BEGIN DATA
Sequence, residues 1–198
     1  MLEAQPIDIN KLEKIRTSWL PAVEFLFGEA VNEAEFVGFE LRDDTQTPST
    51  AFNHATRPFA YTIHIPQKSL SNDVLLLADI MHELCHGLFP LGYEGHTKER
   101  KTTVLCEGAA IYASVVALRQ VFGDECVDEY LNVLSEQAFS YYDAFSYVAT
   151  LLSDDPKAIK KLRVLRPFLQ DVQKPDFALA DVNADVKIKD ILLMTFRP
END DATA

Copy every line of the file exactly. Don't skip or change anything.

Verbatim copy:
Sequence, residues 1–198
     1  MLEAQPIDIN KLEKIRTSWL PAVEFLFGEA VNEAEFVGFE LRDDTQTPST
    51  AFNHATRPFA YTIHIPQKSL SNDVLLLADI MHELCHGLFP LGYEGHTKER
   101  KTTVLCEGAA IYASVVALRQ VFGDECVDEY LNVLSEQAFS YYDAFSYVAT
   151  LLSDDPKAIK KLRVLRPFLQ DVQKPDFALA DVNADVKIKD ILLMTFRP